We were going up to Lossiemouth as a forward base.
And refuel there and a meal before, well rest before
and a meal and then about midnight or 1:00 in the morning
take off was scheduled, it was,
its almost as if the scene was made for a film
because it was a dark night, low clouds, and raining.
And we were all lined up around the perimeter track
of course there was no RT communication it was forbidden
and when you got a green signal you moved off.
Round the pay track onto the runway for takeoff.
Now the briefing was we flew individually
to the rendezvous point of Norway
and we were supposed to arrive there
at daybreak and make this rendezvous point
and form into a gaggle and approach the Tirpitz
from a point where they would never expect
one to, aircraft to be.
So we understood that and we were,
my aircraft was lightened up waiting for takeoff
and suddenly my flight engineer nudged me
and said well he didn't say anything, went like this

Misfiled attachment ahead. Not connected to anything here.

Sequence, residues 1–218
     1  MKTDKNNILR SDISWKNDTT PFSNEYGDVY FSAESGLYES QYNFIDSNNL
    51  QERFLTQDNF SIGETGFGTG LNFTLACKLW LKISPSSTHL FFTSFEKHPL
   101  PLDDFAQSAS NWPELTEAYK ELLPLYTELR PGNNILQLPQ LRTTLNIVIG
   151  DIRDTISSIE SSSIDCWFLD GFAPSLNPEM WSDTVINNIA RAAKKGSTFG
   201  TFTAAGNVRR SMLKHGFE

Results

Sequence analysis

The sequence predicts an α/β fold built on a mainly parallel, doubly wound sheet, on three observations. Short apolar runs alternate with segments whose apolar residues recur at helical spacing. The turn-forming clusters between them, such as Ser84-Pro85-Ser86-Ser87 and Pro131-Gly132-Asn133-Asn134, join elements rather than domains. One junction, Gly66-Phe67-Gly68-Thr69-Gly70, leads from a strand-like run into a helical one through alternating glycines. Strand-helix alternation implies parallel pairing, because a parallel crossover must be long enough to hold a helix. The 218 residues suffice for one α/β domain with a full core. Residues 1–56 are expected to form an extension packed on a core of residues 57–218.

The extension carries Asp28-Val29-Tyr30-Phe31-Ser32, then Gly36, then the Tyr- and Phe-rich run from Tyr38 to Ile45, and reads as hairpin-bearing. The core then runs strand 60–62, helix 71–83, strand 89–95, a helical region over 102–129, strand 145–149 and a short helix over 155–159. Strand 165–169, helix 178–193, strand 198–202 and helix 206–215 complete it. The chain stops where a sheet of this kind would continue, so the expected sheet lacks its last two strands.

and looked up and there coming towards us
I know this sounds like a film, but it wasn't.
Coming towards us was a huge Lancaster undercarriage down
and I thought this is it, it's going to hit us.
Of course it was very low it had just got in the air.
Very low, and it swung off the runway
and coming straight towards us.
And I just sat there thinking there is absolutely
nothing I can do or anybody else.
We are now about to meet our makers, our maker we are.
But through sheer good airman ship on the part
of Turney Iverson who was flying the aircraft
and his flight engineer Des Phillips I think it was yes
they got the aircraft straight and just over the top
and I mean just over the top of the Lancaster we were in
I and the crew were in.
Not a very good start to a trip
with about five hours over the sea at night
and then making a rendezvous in Norway
in an effort to form up and bomb the Tirpitz.